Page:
Dads’ Group Makes Mom Feel Right At-Home by Lisa Duggan

AHD Convention My Dream

“Jobs come and go, raising kids does not.” — At-Home Dad

 

Tomorrow, Sunday June 17 is Father’s Day in the United States, but I’ve had dads on my mind all week long. Truthfully, I’ve had dads on my mind for a number of years now. I think today’s fathers are pretty remarkable, and I hang out with them every chance I get. Last October I had the distinct pleasure of being the first paying, female attendee at The Annual At-Home Dad Convention hosted by The National At-Home Dad Network (formerly known as Daddyshome Inc.).

Started in 1995 by three dads in the Washington Metro DC area, the At-Home Network now provides a space for discussion and support for at-home fathers all over the world, via their website and online forums, and in-real-life in 27 chapters across the United States. They write regularly on the state of at-home fatherhood, their growing influence evident in their ability last year to convince Time Magazine to change the misleading title, and respective URL, of a story about unemployed men: “Unemployed Men Are More Likely to Divorce”, formerly titled, “Why It’s Not Okay For Dads To Stay Home With The Kids”.

Scholarships to the convention are provided for dads who cannot afford to attend, and both in the planning of the program and in the price of the ticket, great consideration is given to families living on one income. Registration for this year’s convention, to be held on October 6, in Washington, DC, is now open.

Last year’s keynote was given by Dr. Aaron Rochlen, Associate Professor of Educational Psychology at The University of Texas at Austin, who researches and writes about the lives of men in non-traditional work-family roles. I joined Dr. Rochlen, and over sixty fathers, to discuss sleep issues, discipline, education, picky eaters, childcare costs, how to keep your marriage alive after parenthood and the challenges of doing a job that our culture does not properly acknowledge nor appreciate.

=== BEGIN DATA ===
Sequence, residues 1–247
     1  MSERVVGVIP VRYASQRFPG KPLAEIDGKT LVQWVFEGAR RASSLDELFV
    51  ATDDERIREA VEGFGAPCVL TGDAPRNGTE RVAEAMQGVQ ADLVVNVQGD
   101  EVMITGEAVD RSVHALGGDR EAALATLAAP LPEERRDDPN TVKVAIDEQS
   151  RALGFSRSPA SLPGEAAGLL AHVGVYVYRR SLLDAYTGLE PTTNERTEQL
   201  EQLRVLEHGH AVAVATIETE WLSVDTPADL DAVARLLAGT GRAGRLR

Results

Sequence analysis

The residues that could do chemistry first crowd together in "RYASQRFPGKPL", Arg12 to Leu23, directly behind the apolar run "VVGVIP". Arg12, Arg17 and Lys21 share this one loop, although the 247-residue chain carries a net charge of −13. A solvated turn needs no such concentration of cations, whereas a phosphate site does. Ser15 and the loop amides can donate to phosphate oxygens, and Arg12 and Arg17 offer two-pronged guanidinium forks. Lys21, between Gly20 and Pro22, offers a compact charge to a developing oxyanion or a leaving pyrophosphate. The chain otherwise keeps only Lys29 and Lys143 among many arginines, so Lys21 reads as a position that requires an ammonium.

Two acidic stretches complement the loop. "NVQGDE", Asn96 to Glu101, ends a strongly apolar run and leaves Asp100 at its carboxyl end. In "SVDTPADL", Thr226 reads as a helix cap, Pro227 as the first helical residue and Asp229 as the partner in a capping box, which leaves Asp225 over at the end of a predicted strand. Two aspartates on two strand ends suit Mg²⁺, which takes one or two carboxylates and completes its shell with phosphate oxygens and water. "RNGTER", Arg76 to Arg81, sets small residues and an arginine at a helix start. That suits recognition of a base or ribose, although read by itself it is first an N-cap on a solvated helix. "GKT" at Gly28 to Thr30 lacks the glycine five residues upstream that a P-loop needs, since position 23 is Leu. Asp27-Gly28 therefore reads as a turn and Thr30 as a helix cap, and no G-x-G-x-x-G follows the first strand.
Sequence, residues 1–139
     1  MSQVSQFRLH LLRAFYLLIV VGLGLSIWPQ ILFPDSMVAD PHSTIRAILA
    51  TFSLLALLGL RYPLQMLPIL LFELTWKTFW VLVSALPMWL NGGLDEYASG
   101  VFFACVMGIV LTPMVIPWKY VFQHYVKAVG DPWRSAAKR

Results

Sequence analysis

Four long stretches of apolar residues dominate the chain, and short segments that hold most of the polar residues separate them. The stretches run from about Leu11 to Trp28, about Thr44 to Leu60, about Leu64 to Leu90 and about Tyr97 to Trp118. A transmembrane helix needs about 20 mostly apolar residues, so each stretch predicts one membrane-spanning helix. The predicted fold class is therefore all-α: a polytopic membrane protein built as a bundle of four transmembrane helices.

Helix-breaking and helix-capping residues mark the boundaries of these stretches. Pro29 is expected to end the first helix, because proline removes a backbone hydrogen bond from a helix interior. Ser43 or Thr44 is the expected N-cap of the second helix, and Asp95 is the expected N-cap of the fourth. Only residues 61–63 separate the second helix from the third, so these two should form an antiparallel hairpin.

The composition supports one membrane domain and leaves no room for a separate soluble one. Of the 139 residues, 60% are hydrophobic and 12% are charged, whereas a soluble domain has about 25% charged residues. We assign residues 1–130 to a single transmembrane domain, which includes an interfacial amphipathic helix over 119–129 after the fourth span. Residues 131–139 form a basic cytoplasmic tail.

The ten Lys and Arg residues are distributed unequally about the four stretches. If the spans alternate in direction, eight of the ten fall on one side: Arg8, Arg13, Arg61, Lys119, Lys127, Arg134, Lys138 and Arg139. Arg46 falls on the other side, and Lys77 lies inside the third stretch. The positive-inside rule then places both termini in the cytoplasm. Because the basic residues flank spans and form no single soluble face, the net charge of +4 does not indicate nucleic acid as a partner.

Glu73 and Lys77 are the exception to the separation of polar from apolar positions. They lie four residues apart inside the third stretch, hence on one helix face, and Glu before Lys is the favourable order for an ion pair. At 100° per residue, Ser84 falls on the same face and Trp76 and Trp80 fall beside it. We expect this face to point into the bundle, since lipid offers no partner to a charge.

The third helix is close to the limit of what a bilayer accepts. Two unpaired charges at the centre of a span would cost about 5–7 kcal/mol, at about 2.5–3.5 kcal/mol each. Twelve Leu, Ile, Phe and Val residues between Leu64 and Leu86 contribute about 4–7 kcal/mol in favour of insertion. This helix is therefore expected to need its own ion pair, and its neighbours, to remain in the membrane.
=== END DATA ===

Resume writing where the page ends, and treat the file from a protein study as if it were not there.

Technically I was there as press, (and as a sponsor, as The Parent du Jour) and so I was limited in the sessions I could sit in on. This was done in deference to the fathers attending, to ensure a safe, supportive environment where they could speak freely about their experience and their feelings. When I think about the dads I met last year, I think of Seth Godin’s instruction to “find your tribe”.

What does a tribe of stay-at-home, male caregivers look like, you might ask?

Well….like men.

They were dressed like men; in shorts or jeans, in button-downs, t-shirts or polos, in sneakers or in the case of one special dad, those odd, all-terrain shoes with toe cleavage. They spoke, like men. Of their beloved sports’ team and players, of their grills and cars, and of their favorite beverages—boasting (or bemoaning) the quantity of their past consumption or contemplating their future consumption of same. They teased  — one another, not me — like men. Poking fun at Mr. Toe Cleavage, at another dad’s girth, or asking dads not to “approach the front to speak unless they had recently showered.”

They were not rowdy but they were naturally loud. They were gracious but not insincerely deferential. I fit in – not at all. Although normally an outrageous big mouth, I chose to listen more than I talked. Sports? My husband is a single-sport man so other than the Mets, I have no idea what team is playing let alone what sport ‘season’ it is. I avoid touching the grill at all costs and of cars, I speak not: I’m still driving an 11 year-old PathFinder.